I have the units toed in just a hair to help cool the top end as well...in other words not pointed at my ears or just off the ears....too much! Again, I have them pointing straight ahead with slight toe-in.
With speaker wire, definately attach to the HF and jumper to the bass. I tried both at first, liked the HF best then, and recently, tried the other way around again and it was not even close, stay with speaker wire on HF, jumper to bass. Another note on speaker cable. I have heard that the Sablon biwire is phenominal on the Tannoy, and a great price as well. I am using Stealth V10 right now and believe that to be a reason for my hot tweeter. As soon as I can move the the Sablon I will be doing so.
I also found that adjusting the ports cleaned up and tuned the bass nicely. With respect to the adjustable high end, I have not had much luck playing with the two adjustments on the front of the speaker! I have played with them lots and the change seems to be minor! They do not cool my top end! The only thing that cools my top end is leaving the front panels on. This is the only speaker I have experienced "better" sound with the covers on. However,I strongly disagree with leaving them on while playing. I am sure the engineers did not design them with cloth in front of them for listening tests. If you have copper speaker wire I would love to hear how your system is working with the GR. I think when I get these fine tuned it's going to be awesome, as I have already had some peaks into what they can do on some of my material.
Bullot, I know that Jim Smith owns Tannoy speakers, and I think they are the Caterbury model. Perhaps you can do a search for Jim on the net and contact him with set up questions. I have found him to be extremely knowledgeable and willing to offer advice.
Yeah thanks Peterayer, a good suggestion I'm sure! I know he has written a well received book on such, and I have seen his system in pics! Think I will do just that.
Picked up some custom made Sablon speaker cable with ground wire, from Mark Cole. Absolutely love the cable. As far as speaker cable goes, as long as I have the Tannoy, I can't see changing these unless Sablon has an ungrade. This cable offers everything my Stealth V10 did, and more.......better separation and soundstage, drums more real, cymbals and voice are wonderful.
I have set my Canterburys 1m from the wall, slightly turned in and pointing slightly down. Distance from the rear wall was chosen because of the bass and room interaction. I tried their ST200 and it was a big upgrade on the SE. The newer GR has a better top end but i am sure the super tweeter would still improve them.It may also cure the need to raise them too. Has anyone tried? I bi-wire mine although this is because of my experiance with other speakers and not the Tannoys. I found that setting up these speakers were a little special. Because they are so wide they seem to create their own back wall and dont act the same way as normal speakers.Love them!!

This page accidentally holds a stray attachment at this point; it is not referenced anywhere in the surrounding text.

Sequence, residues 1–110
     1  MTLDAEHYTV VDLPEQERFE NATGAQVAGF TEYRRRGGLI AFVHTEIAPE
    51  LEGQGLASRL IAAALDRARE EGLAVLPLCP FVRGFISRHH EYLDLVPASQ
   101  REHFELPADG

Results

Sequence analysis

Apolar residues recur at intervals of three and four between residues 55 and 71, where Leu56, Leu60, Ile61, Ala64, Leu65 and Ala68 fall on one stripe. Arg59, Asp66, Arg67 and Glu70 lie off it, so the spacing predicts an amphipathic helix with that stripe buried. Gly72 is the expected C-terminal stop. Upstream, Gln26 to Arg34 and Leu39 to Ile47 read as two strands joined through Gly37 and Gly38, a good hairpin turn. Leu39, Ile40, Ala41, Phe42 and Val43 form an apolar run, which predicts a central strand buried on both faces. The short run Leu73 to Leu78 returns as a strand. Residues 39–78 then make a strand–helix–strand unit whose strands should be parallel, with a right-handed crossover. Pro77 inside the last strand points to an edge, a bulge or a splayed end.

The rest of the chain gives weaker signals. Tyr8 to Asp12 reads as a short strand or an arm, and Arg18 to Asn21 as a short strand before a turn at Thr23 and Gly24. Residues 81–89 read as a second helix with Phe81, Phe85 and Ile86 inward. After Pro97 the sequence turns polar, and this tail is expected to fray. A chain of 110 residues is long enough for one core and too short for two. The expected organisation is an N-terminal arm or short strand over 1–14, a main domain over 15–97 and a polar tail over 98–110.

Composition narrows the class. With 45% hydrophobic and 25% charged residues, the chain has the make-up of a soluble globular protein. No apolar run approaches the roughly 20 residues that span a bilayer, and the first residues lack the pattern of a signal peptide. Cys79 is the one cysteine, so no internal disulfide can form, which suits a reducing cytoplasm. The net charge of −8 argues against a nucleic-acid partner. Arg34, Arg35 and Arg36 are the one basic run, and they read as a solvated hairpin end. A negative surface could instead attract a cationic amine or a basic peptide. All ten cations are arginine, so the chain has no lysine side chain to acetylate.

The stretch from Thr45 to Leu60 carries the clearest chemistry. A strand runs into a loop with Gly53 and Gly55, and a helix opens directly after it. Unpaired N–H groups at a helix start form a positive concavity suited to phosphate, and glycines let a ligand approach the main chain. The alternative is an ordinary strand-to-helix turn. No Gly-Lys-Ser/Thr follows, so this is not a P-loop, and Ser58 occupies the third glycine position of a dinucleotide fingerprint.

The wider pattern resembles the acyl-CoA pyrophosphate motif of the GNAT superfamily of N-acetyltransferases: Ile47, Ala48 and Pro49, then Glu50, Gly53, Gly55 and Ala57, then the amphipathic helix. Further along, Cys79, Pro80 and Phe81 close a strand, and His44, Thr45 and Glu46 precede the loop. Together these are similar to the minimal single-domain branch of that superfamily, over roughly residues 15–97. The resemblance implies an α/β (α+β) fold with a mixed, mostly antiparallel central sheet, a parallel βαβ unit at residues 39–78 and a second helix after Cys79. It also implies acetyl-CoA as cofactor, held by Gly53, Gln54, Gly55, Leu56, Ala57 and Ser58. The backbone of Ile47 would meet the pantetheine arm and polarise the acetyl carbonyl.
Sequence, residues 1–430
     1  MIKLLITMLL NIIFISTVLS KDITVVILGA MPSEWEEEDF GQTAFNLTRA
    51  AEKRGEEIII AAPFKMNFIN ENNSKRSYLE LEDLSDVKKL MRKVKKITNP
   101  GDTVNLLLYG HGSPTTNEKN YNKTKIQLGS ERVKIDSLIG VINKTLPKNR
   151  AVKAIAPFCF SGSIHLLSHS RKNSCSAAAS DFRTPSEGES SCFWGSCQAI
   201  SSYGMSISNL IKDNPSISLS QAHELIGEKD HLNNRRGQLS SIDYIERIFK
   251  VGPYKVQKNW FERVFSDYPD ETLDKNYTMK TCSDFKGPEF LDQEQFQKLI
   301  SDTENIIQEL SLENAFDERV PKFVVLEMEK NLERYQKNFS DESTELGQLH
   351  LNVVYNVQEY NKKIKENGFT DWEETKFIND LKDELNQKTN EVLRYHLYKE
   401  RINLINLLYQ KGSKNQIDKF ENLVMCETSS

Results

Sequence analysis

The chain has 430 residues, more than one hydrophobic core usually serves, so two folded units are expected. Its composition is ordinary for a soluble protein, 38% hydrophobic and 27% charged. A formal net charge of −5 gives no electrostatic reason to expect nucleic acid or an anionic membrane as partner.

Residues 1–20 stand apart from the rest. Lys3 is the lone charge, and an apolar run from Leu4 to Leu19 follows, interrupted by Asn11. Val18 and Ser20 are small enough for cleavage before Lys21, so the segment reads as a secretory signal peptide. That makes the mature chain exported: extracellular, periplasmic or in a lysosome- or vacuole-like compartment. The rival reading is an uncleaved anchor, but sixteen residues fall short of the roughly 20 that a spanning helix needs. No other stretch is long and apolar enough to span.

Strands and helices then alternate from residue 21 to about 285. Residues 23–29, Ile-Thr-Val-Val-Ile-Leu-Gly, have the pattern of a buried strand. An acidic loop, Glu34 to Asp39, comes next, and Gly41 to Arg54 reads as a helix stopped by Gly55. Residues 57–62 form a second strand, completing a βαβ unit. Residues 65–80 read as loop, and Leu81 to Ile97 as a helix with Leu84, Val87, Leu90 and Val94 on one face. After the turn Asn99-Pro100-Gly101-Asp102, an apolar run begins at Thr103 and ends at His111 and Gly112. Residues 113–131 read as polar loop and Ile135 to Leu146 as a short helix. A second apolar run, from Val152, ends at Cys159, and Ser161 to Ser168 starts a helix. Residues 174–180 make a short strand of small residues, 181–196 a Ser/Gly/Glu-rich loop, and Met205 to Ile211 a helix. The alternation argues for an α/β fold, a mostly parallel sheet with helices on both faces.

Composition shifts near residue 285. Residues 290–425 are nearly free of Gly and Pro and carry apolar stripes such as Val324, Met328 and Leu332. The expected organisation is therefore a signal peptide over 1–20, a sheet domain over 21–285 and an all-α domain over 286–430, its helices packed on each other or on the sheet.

Great speakers. congrats! Happy listening!
I elevated my Canterburys not for tweeter performance, but for overall Dynamics, Presence and Tone - greater musical involvement.
They sound less boxy and more like music. IMO, of course.
FWIW - most recently I had a client listen during a RoomPlay Reference session and he (as others have also done) pronounced it the best sound he ever heard in over 35 years of listening. His speakers cost more than my entire system...
Jim, what amps are you running on your Tannoys?
I started out with Viva Auroras. Moved to The LARS Type II with 300B-XLS.
Now use ASR Emitter II Exclusive Version Blue -
Look up for Sumiko setup in the web. It's a very interesting method for positioning your speakers in the room and the results, after some trials and errors, is great. My LS 50s are sound better than ever.
I ran across this post and used some of your ideas here in 2019. Does anyone care to update your previous posts. Using Kensington GR’s with CJ Tube amps (Premier 12’s) I just redid my position of them using the Cardas Speaker placement calculator and it is a completely different experience; in a good way. It opened up the field, has them syncing to my ears in a much more pleasing and holographic way. Unless I am wrong it has made them disappear. Please feel free to update me on your set up including the Sablon speaker cables you felt you might use.
I upgraded from Canterbury SE to GR, and the latter definitely has more treble energy & extension, which I felt was a bit lacking in the SE (with controls set to "flat") - it’s more balanced, more detailed, and simply a better speaker. I enjoy them more. I didn’t change my speaker positioning or toe-in, and still use the tilting trick, for which I found that HRS Nimbus spacers (mix of 0.8" and 1.3" spacers) look great with the stock feet! I wouldn’t advise mixing the GR with any bright gear, but that’s fine.
I’m somewhat interested in the new super tweeters, but don’t feel like anything is lacking here. I tried the old ST100B/ST200 and felt that they’re just not good enough for the improved GR models.
I really liked my old Kensington SE, so I bet your GR are the bomb, @jahatl513!